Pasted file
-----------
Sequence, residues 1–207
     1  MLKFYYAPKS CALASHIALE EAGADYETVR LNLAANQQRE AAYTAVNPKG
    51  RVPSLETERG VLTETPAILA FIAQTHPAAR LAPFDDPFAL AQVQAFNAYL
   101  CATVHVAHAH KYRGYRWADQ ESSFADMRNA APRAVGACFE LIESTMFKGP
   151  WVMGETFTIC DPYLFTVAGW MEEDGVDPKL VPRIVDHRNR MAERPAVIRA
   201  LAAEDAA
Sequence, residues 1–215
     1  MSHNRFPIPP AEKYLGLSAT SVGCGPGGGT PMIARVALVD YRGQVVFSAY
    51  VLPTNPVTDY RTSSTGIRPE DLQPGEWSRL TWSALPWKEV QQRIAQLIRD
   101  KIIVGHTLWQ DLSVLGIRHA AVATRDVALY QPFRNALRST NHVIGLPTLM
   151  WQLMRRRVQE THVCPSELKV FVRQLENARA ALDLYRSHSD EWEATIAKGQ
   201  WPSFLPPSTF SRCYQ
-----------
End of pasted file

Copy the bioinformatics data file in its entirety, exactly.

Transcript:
Sequence, residues 1–207
     1  MLKFYYAPKS CALASHIALE EAGADYETVR LNLAANQQRE AAYTAVNPKG
    51  RVPSLETERG VLTETPAILA FIAQTHPAAR LAPFDDPFAL AQVQAFNAYL
   101  CATVHVAHAH KYRGYRWADQ ESSFADMRNA APRAVGACFE LIESTMFKGP
   151  WVMGETFTIC DPYLFTVAGW MEEDGVDPKL VPRIVDHRNR MAERPAVIRA
   201  LAAEDAA
Sequence, residues 1–215
     1  MSHNRFPIPP AEKYLGLSAT SVGCGPGGGT PMIARVALVD YRGQVVFSAY
    51  VLPTNPVTDY RTSSTGIRPE DLQPGEWSRL TWSALPWKEV QQRIAQLIRD
   101  KIIVGHTLWQ DLSVLGIRHA AVATRDVALY QPFRNALRST NHVIGLPTLM
   151  WQLMRRRVQE THVCPSELKV FVRQLENARA ALDLYRSHSD EWEATIAKGQ
   201  WPSFLPPSTF SRCYQ